A female patient with hypokalaemia-induced J wave syndrome: An unusual case report
Prominent J waves can be seen in life-threatening cardiac arrhythmias such as Brugada syndrome, early repolarization syndrome, and ventricular fibrillation. We herein present an unusual case report of hypokalemia-induced J wave syndrome and ST (a part of ECG) segment elevation.Patients concerns:
A 52-year-old woman with chief complaints of chest pain for 2 hours and diarrhea showed a marked hypokalemia (2.8 mmol/L) and slightly elevated creatine kinase-MB (CK-MB) (57.5 U/L). The electrocardiographic (ECG) recording was normal upon admission and computed tomography (CT) aorta angiography excluded an aorta dissection. ECG done 17 hours after admission showed ST segment elevation and elevated J wave in leads II, III and aVF, and fusion of T and U wave in all leads.Diagnosis:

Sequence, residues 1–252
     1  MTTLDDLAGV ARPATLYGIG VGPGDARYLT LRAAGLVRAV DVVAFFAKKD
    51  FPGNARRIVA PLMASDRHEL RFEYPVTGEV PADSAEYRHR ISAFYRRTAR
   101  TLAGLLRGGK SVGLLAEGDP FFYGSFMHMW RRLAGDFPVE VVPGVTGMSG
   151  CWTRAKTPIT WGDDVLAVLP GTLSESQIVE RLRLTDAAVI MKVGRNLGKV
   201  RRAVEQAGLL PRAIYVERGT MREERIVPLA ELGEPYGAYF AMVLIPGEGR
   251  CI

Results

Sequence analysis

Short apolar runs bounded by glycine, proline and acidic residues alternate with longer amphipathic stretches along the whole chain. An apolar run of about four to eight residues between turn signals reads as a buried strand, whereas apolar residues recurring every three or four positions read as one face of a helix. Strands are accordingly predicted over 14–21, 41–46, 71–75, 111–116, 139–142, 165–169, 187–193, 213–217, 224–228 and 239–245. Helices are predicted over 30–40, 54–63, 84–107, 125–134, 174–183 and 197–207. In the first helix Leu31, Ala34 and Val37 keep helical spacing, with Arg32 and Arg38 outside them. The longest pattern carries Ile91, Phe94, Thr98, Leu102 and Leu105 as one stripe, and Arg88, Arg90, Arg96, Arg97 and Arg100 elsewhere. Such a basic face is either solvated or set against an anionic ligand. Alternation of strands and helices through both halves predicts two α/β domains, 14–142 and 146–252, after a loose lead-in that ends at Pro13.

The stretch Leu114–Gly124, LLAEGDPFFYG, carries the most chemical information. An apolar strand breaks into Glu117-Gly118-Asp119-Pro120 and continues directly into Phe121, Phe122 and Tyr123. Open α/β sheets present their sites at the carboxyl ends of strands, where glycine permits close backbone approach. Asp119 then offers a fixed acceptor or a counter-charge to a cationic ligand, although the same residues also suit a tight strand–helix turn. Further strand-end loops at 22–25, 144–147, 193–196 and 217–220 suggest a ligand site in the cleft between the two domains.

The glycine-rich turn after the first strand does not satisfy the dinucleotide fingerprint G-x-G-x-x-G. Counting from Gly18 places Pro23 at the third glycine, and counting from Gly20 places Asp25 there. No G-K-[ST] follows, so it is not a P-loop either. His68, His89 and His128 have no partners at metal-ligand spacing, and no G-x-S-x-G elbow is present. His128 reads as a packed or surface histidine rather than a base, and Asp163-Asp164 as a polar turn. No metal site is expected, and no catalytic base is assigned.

We first thought that the diagnosis of this patient was acute myocardial syndrome.Intervention:
Potassium chloride and oflocaxin treatment was given to the patient.Outcomes:
Laboratory test showed the level of serum potassium ion increased to 3.4 mmol/L and CK-MB did not have any significant change. The infusion of potassium chloride-induced disappearance of the elevated J wave, although QT (a part of ECG) intervals were still longer than that upon admission.Lessons:
This case tells us that hypokalaemia might induce J wave and elevated ST segments which should be distinguished from acute myocardial syndrome.